Notice that the SHADO courtroom has an almost wall-sized,
red-bordered image of a landed UFO in the woods on the wall
perpendicular to, and to the right of, the door. To the left
of the door is an equally-sized image of an aerial view of
The novelization reveals the "courtroom" is actually just a
conference room used for the court martial.
When Foster takes the stand at his court martial, he states
his name and SHADO code number, 804. This is the correct
number assigned to him in "Exposed"
and also mentioned in
When $10,000 suspiciously shows up in Foster's bank account,
Straker asks Freeman how they tracked where it came from. But
Freeman responds, "A Swiss, numbered account? You tell me."
Swiss banks have been known for their secrecy and protection
of client information since the Middle Ages, though there
is, in modern times, more cooperation with the law enforcement
agencies of other nations than is popularly believed.
Foster appears to have redecorated his apartment here from
the way it looked in
"Exposed", though there are many
"Exposed", Straker had a meeting
with Foster on the Harlington-Straker backlot set of Rupert
Square, Westminster. Here, Straker and Freeman travel to the
"real" Rupert Square to track down the maker of the spy
devices found in Foster's apartment. Of course, it's
actually the same Elstree Studios backlot seen in the
At 35:17 on the DVD, a Roger and Crispin antique store is
seen in Rupert Square. This appears to be a fictional
As Freeman's SHADOcar pulls up to the A.G. Singleton
electronics shop at 35:28 on the DVD, notice that the
to have lost the front passenger-side hubcap.
A.G. Singleton shop appears to have been a fictional
A.G. Singleton shop, a box labeled with "Trio" and "SP-5D"
is seen on a shelf. The Trio SP-5D was a speaker made by the
Japanese Trio Corporation in 1968.
This episode reveals that the swirling light screen behind
Straker's desk actually hides an escape route in the form of
an elevator with a secret exit on the studio grounds.
38:42 on the DVD is a reuse of a shot of from
"The Responsibility Seat".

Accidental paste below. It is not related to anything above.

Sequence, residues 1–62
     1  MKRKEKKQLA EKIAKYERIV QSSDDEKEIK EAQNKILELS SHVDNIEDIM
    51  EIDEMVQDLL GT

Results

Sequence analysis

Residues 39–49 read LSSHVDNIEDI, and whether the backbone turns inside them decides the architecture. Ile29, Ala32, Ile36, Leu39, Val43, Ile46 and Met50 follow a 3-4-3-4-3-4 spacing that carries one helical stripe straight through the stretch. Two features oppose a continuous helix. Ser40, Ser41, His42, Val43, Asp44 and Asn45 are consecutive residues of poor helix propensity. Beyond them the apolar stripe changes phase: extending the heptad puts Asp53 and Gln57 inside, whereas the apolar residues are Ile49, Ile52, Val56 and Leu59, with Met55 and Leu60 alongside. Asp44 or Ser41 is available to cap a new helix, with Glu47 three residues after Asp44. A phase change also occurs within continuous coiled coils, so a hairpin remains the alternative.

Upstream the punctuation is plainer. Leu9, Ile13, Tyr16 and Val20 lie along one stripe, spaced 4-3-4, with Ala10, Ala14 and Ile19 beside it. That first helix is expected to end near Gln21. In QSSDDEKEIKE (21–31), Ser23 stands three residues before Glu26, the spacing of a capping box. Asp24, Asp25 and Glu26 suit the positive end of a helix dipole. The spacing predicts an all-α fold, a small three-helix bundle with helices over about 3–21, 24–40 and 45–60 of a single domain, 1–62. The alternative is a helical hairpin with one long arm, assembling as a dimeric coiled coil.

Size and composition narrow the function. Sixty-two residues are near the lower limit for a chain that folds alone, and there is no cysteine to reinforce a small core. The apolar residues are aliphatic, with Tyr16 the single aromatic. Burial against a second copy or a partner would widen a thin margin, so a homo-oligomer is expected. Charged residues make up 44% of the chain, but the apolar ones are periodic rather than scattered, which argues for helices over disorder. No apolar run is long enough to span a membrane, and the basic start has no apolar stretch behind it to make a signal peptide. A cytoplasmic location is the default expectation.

As in that episode, this shot shows only the driver in the
car, but there are supposed to be two people in it!
Notes from the novelization of
"Court Martial" by Robert Miall, published as UFO in Great
Britain and UFO: Flesh Hunters in the USA.
(Roughly speaking, pages 69-71, 76-77, and
cover the events of "Court Martial". The page numbers come from the 1st
printing, UK paperback edition, published 1971)
This book is actually a novelization of several episodes,
interwoven into a single story in a way the televised
versions are not. It features the plot and characters of
and "Court Martial". For purposes of
this study of "Court Martial", only the chapters covering this
episode will be covered here. The chapters covering others
are dealt with in the studies of those episodes.
"Conflict" identifies General
Henderson's first name as James. This novelization, however,
refers to him as Wes Henderson.
Page 126 states that hovertrains race along intercity routes
during the 1980s of UFO. Hovertrains and
maglev trains started coming into use in the late 1960s and
when this novel was written in 1970 it was widely thought
they were the future of high speed travel within and between
cities. But various disadvantages caused them to fall out of
favor in the mid-1970s in the real world, hence our universe
is still stuck mostly with wheeled trains.
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dispensed with the pleasantries.wav
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